Women’s-Only Groups: Are They Archaic?Posted by Nicole Chardenet on Jan 22, 2017 in Business & Information Technology, Politics/Current Events | 0 comments
As we move into the most divisive era in modern times I find myself wondering: Aren’t women’s-only groups kinda retro? Even archaic?
It’s 2017. Yes, I know who’s in the White House. Forget that for a moment. No wait, don’t. Keep it in the forefront of your mind as you read this. Women are graduating from colleges and universities in greater numbers than men; more women are the main breadwinners in their household than ever before; the fact that a woman came a hair’s-breadth from entering the White House is still a far greater coup for women than the doomsayers, misogynists, and chronically-neurotic victim feminists would have you believe.
Yes, we’ve got a self-admitted sexual predator in the White House. For once, ladies, we can’t entirely blame the boyz for this one. Women supported Trump by 42%; I don’t care that 54% didn’t – 42% is still far too high. (The other 4% were too busy defending Kim Khardashian’s robbery claims on Twitter to pay attention.) It wasn’t just uneducated working poor women who supported him either; plenty of college-educated women are also to blame.
And people wonder why I’ve begun holding women more accountable (or ‘blaming the victim’ in victim feminist parlance) for tolerating bad male behaviour.
I don’t think the answer is to separate from the other half of the human race. Women have been fighting male-only enclaves for decades now; critics have pointed out, quite rightly, that women’s-only gal-caves are nevertheless still considered acceptable.
I’ve belonged to plenty of women’s-only groups and discussion forums in the past, but I find myself less inclined with each passing day. Last year I joined a women’s-only Meetup group for freelancers and entrepreneurs, not because it disallowed men but because it was the only meetup in my area for such a thing (and without charging an outrageous fee like many meetups are doing, including most Toronto-area business groups).
While it’s a great bunch of ladies with interesting ideas, I can’t help but feel it’s only half the story. Why is it only for women? Why are we blowing off half the entrepreneurs in the city, many of whom will also have some great ideas, experience, advice, networking, and help to offer?
Is it because some women still lack the confidence to hold their own with a gender not unfairly charged with dominating conversation, shutting women out or patronizing them in subtle or not-so-subtle ways?
Some men are guilty of that. Others aren’t. Maybe we need to challenge ourselves more. Slay that mansplaining dragon, St. Georgina!
I admire the fact that men are more aggressive, more risk-taking, more confident, and more willing to state their case than women have historically been. Such virtues in the extreme become faults, but that’s true for any virtue. There are still some ‘male values’ worth acquiring.
I admire the fact that women are more easily able to express their emotions, communicate better, are more sensitive to other’s feelings and are more open to compromise than men historically have been. Also virtues that, in the extreme, don’t serve anyone well either. Men have much to learn from us, too.
You can argue I’m overgeneralizing but so are women who still prefer women’s-only groups.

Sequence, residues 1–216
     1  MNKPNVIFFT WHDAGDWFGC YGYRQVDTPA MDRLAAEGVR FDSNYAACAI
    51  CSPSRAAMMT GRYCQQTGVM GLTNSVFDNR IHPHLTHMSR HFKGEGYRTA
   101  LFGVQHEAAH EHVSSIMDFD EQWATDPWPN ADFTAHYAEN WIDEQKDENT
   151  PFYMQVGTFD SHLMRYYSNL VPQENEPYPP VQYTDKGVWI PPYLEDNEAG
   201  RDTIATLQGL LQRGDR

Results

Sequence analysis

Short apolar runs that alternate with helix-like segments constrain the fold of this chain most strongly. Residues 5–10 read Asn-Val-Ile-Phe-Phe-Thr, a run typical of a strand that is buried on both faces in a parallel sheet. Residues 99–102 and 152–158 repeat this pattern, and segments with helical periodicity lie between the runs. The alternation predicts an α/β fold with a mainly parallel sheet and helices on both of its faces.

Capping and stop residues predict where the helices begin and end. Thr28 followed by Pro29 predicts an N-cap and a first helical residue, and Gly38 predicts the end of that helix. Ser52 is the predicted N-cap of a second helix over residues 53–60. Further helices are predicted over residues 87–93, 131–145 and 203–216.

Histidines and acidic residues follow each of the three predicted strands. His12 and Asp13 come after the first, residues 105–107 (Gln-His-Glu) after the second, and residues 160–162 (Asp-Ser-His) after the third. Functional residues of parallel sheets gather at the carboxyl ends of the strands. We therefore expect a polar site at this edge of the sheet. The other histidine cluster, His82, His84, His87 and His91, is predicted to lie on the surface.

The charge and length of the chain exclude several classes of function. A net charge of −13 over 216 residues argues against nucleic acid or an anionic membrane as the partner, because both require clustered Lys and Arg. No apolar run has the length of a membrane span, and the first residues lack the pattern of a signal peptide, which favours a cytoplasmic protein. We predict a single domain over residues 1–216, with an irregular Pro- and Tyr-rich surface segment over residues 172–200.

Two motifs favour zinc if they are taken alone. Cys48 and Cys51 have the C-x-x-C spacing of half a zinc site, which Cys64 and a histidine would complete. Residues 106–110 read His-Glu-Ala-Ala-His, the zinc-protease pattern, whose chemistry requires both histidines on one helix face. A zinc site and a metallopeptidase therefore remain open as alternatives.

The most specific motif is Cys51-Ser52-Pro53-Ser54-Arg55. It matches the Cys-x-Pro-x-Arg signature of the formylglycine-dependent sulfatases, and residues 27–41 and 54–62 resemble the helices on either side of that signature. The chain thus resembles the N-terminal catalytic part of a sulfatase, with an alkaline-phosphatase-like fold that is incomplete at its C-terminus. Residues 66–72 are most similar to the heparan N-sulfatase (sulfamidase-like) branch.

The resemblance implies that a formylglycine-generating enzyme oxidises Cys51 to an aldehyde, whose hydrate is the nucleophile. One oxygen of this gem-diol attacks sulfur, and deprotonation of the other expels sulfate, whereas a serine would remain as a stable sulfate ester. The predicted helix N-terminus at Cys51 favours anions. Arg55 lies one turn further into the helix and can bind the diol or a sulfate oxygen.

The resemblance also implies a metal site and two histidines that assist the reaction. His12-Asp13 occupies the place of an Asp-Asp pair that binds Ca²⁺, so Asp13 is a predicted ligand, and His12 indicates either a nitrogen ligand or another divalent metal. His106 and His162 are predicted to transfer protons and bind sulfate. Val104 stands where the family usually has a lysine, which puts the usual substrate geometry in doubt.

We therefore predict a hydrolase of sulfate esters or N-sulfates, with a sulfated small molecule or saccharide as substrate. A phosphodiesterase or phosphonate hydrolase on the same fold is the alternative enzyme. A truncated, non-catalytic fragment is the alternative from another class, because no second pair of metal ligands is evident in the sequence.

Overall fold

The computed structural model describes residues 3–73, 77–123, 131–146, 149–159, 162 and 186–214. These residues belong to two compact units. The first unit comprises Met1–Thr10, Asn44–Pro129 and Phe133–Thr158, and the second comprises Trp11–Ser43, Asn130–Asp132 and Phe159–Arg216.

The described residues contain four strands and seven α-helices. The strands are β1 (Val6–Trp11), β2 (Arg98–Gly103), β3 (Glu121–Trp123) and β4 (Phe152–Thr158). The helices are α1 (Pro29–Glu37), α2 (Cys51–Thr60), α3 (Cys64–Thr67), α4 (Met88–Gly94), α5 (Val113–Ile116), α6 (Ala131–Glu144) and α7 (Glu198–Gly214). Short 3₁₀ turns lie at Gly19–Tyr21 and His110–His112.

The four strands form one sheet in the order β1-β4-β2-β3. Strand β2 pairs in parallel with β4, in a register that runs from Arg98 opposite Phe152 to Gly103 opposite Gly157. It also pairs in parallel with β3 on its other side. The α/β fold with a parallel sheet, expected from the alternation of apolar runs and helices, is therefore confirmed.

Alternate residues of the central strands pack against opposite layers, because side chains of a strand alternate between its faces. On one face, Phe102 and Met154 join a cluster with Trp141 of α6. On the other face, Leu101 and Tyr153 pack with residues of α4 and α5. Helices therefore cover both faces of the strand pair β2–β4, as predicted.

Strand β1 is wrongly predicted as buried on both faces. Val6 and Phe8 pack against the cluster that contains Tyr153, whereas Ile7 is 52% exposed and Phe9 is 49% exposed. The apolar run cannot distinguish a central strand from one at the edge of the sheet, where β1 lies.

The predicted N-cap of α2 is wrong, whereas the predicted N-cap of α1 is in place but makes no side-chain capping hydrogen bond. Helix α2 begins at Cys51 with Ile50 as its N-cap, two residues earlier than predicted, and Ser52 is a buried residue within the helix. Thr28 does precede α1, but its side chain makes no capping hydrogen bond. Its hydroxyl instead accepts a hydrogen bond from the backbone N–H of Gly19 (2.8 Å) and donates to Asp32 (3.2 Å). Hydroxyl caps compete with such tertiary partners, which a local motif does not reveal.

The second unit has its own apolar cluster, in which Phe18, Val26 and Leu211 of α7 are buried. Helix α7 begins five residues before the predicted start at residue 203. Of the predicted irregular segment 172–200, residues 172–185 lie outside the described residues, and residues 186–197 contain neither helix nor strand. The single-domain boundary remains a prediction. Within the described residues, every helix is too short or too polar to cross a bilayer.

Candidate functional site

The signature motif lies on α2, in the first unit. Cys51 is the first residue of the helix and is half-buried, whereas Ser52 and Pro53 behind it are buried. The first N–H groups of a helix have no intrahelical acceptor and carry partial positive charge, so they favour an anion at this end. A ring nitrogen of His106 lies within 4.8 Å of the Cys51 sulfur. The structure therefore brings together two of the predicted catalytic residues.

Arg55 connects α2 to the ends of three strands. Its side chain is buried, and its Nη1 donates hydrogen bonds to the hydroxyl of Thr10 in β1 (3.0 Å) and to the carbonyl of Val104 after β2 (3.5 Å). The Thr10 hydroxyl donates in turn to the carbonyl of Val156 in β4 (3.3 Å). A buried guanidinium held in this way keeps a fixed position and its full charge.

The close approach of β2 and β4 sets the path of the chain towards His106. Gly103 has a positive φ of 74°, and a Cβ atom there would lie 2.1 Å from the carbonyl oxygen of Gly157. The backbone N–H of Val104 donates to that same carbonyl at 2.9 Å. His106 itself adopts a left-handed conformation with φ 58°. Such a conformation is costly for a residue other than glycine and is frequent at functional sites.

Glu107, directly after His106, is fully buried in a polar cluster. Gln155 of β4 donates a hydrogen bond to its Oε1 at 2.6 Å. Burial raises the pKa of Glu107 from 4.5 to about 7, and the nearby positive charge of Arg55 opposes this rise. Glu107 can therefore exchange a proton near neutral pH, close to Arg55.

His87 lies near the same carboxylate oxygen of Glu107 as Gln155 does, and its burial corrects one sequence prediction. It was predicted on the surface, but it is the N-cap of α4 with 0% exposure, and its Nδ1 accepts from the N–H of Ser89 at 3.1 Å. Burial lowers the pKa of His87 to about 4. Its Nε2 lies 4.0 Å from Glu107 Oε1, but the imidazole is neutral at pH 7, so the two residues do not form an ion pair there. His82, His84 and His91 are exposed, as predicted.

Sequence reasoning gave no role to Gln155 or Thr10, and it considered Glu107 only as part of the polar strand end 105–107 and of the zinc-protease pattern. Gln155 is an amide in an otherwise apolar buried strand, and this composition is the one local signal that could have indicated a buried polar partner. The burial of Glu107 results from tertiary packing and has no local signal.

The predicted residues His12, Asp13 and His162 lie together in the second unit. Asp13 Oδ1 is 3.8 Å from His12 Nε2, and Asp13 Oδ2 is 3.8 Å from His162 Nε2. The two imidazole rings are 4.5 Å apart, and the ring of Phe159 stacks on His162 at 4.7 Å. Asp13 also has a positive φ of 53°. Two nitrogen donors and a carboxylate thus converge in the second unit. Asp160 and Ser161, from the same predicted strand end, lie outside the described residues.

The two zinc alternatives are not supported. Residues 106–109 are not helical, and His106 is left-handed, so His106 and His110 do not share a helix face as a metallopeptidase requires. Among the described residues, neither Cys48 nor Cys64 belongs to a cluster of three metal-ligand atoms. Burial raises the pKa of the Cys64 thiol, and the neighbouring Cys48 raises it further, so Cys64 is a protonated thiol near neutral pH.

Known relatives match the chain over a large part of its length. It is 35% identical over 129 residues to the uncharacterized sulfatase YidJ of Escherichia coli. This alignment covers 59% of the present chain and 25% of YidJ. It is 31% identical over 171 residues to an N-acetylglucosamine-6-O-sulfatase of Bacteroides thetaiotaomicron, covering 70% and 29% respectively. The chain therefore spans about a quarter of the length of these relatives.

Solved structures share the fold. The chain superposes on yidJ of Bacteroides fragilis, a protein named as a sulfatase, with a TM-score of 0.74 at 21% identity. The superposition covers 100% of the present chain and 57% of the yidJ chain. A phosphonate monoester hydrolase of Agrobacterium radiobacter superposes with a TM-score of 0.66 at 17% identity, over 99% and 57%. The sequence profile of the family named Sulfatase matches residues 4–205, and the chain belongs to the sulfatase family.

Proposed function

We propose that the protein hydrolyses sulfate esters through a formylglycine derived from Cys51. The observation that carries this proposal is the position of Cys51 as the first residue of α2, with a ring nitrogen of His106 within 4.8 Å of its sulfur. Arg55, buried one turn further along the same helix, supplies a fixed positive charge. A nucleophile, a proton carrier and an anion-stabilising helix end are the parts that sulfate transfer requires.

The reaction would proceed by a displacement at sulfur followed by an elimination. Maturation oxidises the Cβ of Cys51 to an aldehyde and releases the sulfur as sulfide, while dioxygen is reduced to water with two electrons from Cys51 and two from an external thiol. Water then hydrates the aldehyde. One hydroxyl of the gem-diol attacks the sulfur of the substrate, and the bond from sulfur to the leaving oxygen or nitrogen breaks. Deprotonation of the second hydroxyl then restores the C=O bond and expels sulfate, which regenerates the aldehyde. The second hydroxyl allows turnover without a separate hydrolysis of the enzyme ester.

As the gender gap divides further with a ‘Million Women March’ to demonstrate that some of those you-know-whats are armed, Mr. President, and bitter and angry ‘Men’s Rights Activists’ on the other side, I find myself thinking we need to connect more, not less, with men. Before more of the craziness sends good, rational, level-headed men into the arms of nutty extremist groups. And because some women still need to reject the victim feminist thinking of the ‘70s and ‘80s. It’s served its purpose; as women gain more financial, educational and political power, they need to put on their big-girl pants and move on.
If the world still looks dark and threatening to women, it’s because of negativity bias and everyone falls prey to it. It’s wired into our brains, but that doesn’t mean we have to accept it. We can recognize it for what it is, name it, and focus more on what’s right in the world, and how to improve upon it.
Yes, victimizing still exists but we don’t need to give the victimizers so much power. We can still Just Say No to much of it. Just ask Madonna! (Not safe for work!)
I for one, ladies, think the Mahnolo Blahnik is now on the other foot, and that we’ve got to stop demonizing men. It’s part of the reason why Trump performed so well with male voters, and not just the rednecks. Our President may think women are only valuable for their you-know-whats but my Prime Minister is a self-described feminist.
Some of us are finding it harder and harder to wear the victim label when we’re doing better in life than many men around us.
With power comes responsibility. And that means accepting and working with men the way we’ve been urging them to do with us for fifty years now.
What do you think? Are there still valid reasons for women’s-only groups?
Nicole Chardenet is an American/Canadian dual citizen, freelance writer and machine language translation software flogger who knows that two steps forward and one step back is still progress. She hangs with a bunch of guys as well as chicks from her artist’s hovel in the sky in Toronto. She owns a gender binary female-named cat who used to be a guy until that fateful trip to the vet, although in her defense she didn’t do it out of hostility to his maleness, but to save her furniture from chronic malodour. (Also it would make his permanent virginity easier to live with. For him.) Outraged un-neutered males and anyone interested in her writing services can reach her at: